Chapter 16: New Media and Communication
- Trace the evolution of new media.
- Discuss how new media are more personal and social than old media.
So what makes “new media” new media? When we consider “old media,” which consist of mainly print, radio, and television/movies, we see that their presence in our lives and our societies was limited to a few places. For example, television and radio have long been key technology features in the home. Movies were primarily enjoyed in theaters until VCRs and DVD players brought them into our homes. The closest thing to a portable mass medium was reading a book or paper on a commute to and from work. New media, however, are more personal and more social than old media, which creates a paradox we will explore later in this chapter, as we discuss how new media simultaneously separate and connect us. In this section, we will trace the evolution of new media and discuss how personal media and social media fit under the umbrella of new media.
The Evolution of New Media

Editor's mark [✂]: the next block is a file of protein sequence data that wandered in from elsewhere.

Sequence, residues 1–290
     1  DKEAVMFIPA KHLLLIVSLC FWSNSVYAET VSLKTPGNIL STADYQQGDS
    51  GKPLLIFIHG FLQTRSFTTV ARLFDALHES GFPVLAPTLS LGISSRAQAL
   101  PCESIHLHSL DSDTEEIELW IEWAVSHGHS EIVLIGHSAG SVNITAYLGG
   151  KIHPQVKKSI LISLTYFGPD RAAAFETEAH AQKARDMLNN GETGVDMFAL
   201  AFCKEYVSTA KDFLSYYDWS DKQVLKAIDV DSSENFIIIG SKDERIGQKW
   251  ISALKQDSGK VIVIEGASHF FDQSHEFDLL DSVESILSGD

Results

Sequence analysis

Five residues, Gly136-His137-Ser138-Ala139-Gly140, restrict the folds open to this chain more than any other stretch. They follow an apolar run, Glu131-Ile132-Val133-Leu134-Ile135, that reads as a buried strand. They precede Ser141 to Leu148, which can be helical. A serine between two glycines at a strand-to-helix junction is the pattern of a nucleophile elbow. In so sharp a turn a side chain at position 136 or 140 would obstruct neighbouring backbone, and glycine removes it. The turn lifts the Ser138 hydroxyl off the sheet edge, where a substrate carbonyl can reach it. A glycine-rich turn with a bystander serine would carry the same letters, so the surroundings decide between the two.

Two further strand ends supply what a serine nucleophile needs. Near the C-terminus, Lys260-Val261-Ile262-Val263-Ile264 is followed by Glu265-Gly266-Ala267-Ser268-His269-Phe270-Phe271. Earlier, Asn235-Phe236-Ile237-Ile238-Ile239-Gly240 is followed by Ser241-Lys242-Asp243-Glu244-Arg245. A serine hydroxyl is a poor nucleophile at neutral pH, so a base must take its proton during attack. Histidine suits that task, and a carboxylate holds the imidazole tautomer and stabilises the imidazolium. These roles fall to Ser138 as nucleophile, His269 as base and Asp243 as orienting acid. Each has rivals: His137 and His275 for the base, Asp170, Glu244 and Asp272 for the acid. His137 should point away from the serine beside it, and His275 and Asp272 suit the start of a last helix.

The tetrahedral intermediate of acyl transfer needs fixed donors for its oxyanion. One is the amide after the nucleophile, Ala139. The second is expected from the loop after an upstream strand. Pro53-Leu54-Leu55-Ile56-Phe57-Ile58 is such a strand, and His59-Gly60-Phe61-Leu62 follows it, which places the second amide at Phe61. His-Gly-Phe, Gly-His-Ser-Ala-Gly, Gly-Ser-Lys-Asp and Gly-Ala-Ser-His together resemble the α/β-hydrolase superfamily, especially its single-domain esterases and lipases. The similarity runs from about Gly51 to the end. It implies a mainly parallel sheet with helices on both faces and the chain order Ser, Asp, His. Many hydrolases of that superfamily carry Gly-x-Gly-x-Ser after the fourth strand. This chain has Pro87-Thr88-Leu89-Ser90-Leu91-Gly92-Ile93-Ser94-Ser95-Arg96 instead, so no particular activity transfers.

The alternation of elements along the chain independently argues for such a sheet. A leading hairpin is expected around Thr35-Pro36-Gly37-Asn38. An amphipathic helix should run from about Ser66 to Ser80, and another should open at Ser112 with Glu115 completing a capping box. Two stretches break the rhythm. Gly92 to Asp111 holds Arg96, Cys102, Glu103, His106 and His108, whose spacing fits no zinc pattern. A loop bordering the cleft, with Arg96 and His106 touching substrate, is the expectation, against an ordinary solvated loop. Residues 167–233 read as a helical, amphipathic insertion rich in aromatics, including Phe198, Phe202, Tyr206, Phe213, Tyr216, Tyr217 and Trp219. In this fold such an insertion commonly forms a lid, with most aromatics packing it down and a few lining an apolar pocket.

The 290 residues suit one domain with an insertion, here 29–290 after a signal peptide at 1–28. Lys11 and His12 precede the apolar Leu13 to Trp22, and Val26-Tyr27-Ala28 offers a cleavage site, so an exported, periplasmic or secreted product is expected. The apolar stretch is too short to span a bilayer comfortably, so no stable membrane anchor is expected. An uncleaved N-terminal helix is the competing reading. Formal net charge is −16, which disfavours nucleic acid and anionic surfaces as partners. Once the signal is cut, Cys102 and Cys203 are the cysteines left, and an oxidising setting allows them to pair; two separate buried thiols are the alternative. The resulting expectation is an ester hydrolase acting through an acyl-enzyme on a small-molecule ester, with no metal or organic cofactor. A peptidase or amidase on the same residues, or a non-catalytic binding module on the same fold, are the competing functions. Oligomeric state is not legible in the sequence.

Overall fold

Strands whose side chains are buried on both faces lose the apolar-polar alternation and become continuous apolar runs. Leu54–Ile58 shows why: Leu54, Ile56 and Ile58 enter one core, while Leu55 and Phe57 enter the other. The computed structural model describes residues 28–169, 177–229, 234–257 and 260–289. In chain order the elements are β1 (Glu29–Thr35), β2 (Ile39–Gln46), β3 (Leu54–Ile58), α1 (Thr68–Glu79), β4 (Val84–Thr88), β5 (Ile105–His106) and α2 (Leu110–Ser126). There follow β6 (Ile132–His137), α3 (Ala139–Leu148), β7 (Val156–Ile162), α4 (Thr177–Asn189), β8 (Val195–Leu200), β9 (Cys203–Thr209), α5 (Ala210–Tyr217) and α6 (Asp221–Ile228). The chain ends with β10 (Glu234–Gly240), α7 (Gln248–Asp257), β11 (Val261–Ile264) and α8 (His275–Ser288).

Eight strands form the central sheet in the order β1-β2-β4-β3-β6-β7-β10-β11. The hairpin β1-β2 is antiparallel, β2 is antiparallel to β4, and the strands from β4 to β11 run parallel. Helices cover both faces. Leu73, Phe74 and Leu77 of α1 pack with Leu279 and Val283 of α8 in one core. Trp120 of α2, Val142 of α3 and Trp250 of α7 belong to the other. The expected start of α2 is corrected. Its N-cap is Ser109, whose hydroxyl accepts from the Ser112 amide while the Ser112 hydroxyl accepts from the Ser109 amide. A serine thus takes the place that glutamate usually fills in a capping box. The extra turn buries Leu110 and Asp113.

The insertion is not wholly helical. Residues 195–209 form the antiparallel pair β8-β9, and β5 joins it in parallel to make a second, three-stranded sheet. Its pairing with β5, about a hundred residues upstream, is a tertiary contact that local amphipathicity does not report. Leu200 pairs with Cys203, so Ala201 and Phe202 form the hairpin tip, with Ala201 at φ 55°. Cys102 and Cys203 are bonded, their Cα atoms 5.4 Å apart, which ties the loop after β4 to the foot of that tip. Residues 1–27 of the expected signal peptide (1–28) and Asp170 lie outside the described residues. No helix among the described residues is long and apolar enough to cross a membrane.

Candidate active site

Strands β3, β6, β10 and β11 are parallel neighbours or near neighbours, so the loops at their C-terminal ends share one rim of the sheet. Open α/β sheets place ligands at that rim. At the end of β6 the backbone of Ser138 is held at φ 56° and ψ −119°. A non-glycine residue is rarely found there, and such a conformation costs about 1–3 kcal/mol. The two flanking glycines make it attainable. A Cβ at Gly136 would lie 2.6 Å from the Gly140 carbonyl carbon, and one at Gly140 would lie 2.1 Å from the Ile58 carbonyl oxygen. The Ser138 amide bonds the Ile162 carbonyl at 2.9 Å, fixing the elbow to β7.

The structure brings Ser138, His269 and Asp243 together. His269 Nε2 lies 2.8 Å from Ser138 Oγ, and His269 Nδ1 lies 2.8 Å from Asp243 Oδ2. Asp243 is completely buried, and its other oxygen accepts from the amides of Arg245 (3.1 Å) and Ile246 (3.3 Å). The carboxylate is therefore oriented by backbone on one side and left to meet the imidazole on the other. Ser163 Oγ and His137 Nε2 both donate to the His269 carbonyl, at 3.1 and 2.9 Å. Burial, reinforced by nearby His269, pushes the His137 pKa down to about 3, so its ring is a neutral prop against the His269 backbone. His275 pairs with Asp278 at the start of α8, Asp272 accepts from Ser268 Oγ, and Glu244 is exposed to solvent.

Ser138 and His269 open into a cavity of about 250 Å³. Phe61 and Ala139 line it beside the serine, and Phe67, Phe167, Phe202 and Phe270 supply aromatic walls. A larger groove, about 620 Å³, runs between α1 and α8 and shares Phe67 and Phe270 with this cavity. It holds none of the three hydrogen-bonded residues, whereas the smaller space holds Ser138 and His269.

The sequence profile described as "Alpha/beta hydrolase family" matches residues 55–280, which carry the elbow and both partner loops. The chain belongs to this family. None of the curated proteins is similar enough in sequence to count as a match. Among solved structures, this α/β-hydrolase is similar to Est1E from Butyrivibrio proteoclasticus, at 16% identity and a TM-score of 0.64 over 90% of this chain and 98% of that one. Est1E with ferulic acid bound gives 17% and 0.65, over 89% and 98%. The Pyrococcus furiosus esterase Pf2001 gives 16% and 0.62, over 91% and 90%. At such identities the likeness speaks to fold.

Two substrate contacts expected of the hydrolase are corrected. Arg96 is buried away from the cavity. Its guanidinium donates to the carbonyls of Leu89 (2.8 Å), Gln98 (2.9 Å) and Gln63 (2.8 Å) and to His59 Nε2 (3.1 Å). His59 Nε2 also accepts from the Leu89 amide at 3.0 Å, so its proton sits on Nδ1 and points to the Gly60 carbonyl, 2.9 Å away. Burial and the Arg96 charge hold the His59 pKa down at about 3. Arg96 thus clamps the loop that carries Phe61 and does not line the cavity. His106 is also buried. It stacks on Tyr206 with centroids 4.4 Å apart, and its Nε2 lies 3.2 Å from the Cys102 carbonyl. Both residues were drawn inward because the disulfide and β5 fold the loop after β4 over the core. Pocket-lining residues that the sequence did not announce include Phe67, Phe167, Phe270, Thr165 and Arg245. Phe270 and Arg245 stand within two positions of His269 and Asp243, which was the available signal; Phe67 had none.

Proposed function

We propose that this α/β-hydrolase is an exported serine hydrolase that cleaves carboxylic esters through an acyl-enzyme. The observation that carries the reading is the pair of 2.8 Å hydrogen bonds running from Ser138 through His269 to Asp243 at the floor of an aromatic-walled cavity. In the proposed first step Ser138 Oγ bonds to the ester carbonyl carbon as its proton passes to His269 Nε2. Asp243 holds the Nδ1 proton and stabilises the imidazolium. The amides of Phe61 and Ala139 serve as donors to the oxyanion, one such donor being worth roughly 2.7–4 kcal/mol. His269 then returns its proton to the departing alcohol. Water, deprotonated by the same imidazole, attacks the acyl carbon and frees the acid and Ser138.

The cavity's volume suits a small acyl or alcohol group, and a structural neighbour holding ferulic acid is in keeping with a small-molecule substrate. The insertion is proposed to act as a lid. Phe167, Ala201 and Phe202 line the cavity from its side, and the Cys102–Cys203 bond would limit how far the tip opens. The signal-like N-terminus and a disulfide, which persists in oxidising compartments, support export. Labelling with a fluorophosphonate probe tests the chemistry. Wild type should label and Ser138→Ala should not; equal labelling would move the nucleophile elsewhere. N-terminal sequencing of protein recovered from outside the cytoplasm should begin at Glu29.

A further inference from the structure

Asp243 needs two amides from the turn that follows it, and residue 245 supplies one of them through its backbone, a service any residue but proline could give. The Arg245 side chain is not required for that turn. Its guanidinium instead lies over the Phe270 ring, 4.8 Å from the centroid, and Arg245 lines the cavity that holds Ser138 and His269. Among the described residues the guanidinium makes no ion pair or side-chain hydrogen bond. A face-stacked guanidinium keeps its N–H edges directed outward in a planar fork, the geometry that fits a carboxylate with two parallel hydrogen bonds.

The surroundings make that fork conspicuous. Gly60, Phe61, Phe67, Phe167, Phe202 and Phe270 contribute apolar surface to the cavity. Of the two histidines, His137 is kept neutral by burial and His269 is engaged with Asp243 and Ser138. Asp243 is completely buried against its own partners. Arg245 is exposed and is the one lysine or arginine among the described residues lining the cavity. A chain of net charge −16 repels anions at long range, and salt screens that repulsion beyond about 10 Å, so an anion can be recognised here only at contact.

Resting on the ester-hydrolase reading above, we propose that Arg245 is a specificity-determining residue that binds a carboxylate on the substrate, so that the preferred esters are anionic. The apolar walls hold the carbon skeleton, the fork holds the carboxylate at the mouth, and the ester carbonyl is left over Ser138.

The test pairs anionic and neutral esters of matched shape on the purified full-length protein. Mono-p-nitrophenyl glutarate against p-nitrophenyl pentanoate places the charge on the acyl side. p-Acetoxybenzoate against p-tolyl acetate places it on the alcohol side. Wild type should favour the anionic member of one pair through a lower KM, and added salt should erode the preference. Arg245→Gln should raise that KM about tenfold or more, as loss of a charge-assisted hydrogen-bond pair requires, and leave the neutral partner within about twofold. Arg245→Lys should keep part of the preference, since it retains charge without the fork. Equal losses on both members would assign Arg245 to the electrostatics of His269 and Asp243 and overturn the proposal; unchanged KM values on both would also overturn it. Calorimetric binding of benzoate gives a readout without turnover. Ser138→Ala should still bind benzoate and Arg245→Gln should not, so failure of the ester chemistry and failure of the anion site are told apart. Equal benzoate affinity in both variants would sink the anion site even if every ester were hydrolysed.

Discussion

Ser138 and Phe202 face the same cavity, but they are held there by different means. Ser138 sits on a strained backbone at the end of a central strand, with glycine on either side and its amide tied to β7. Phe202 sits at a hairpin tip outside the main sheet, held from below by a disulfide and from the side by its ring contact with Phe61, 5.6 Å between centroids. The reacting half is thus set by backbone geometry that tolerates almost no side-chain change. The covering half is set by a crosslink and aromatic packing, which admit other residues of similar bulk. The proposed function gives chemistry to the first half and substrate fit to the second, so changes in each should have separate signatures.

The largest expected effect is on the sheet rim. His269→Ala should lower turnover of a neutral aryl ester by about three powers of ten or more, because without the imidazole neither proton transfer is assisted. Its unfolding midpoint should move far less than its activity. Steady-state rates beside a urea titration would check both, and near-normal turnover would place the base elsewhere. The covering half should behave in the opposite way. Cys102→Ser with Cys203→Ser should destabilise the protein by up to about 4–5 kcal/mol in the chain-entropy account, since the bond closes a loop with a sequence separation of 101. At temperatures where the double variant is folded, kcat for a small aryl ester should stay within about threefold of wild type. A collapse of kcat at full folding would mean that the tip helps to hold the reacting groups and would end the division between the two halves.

New media, as we are discussing them here, couldn’t exist without the move from analogue to digital technology, as all the types of new media we will discuss are digitally based (Siapera, 2012). Digital media are composed of and/or are designed to read numerical codes (hence the root word digit). The most commonly used system of numbers is binary code, which converts information into a series of 0s and 1s. This shared code system means that any machine that can decode (read) binary code can make sense of, store, and replay the information. Analogue media are created by encoding information onto a physical object that must then be paired with another device capable of reading that specific code. So what most distinguishes analogue media from digital media are their physicality and their need to be matched with a specific decoding device. In terms of physicality, analogue media are a combination of mechanical and physical parts, while digital media can be completely electronic and have no physicality; think of an MP3 music file, for example. To understand the second distinction between analogue and digital media, we can look at predigital music and how various types of analogue music had to be paired with a specific decoding device. To make recordings using old media technology, grooves were carved into vinyl to make records or changes were made in the electromagnetic signature of ribbon or tape to make cassette tapes. So each of these physical objects must be paired with a specific device, such as a record player or a cassette deck, to be able to decode and listen to the music. New media changed how we collect and listen to music. Many people who came of age in the digital revolution are now so used to having digital music that the notion of a physical music collection is completely foreign to them. Now music files are stored electronically and can be played on many different platforms, including iPods, computers, and smartphones.